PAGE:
Robot Sound Project | Arduino Theremin
Group Members | Adrienne Cassel, Amy Rosen, Patrick Miller-Gamble, Seth Glickman
Our project began with no shortage of creative, raw design ideas. Flexing sheets of aluminum, shaking tambourines, playing an assortment of drums and percussion instruments, spinning and striking metal cylinders, throwing objects into operating blenders, motoring air pumps into buckets of water (of various sizes), constructing a Rube Goldberg machine, were all part of spirited brainstorming sessions. Conjuring grandiose robotic visions, it would seem, was well within our collective skill set coming into the project. Any experience or innate concept of building the components of these visions was unfortunately not.
Table of Initial Collected/Tested Tools
We began with a “golden spike”—a proof of concept that the four team members could together build a simple robotic musical device. Starting with a “motor-test” patch, we removed the multi-directional code to instruct an Arduino to spin an external motor in a single direction, at a desired speed. To the end of the motor, we attached a liquid dropper at the tip. The dropper itself had been modified to contain a cutoff of a standard pencil connected at a perpendicular angle. The motor and said attachments were placed inside a metal cylinder, which rang loudly as the motor spun the makeshift contraption.
“Pencil Metal Thing”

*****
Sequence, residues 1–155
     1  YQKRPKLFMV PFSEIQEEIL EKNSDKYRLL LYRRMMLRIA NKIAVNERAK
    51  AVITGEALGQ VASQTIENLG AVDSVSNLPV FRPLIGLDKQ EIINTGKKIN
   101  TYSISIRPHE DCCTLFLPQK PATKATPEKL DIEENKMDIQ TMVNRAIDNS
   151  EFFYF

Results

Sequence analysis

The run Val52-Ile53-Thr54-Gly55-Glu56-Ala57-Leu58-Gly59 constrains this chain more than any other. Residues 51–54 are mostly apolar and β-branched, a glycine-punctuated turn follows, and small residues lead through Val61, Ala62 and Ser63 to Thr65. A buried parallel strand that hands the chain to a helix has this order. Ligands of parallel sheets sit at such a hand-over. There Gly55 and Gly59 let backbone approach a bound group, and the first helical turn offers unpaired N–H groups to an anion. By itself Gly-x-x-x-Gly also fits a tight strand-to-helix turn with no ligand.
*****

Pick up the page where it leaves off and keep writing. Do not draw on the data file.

From there we aimed a degree larger: The Air Pump. Removing the motorshield, we connected the Arduino to a more robust external power supply and programmed instructions from a modified “blink” patch. We connected an air pump found in the shop to the circuit and successfully achieved a degree of air pressure being distributed from the pump. However, again unfortunately, the air pressure was not powerful enough to blow out a candle, no less power through a bucket of water. Our second attempt though was indeed successful as we replaced the existing pump with a powersync and connected that bottleneck to a pump capable of more significant air power.
“Air Pump as Sound Activator” – Movement Hitting Other Instruments
Amidst other trials, we began constructing the beginnings of a narrative to guide the preparation for our eventual performance. We listened closely to each prototype and began to appreciate various aspects of the sounds they created. To us, they were robots in a given space, interacting, conversing, even fighting with one another. We designed Arduino code to operate servos at various speeds and delays, and combined these with the growing collection of other orphaned robot musicians.
Meanwhile, one of the prototype developments exceeded our anticipation and expectations. Using a breadboard, a light sensor and an external speaker, Adrienne constructed a system that would translate and scale light input data into a variable audible frequency. She’d essentially created a performable Arduino-driven theremin, which quickly became the narrative denouement of the project.
Amy designed the staging such that the arduinos and instruments were placed on “pedestals” and highlighted as sculptural entities. Originally, the four group members were going to each play one of the instruments; however, after parsing and pruning a variety of performance configurations with the organic and robotic instruments, we eventually curated the setup to highlight the theremin and utilize our various prototypes as accompaniment. The cables and chords were carefully strung through the “pedestal” boxes to create a clean and composed performance.
Final Staging + Display of Tools
The experimental piece was performed at the Hunt Library’s Media Lab on Wednesday, April 6, 2016.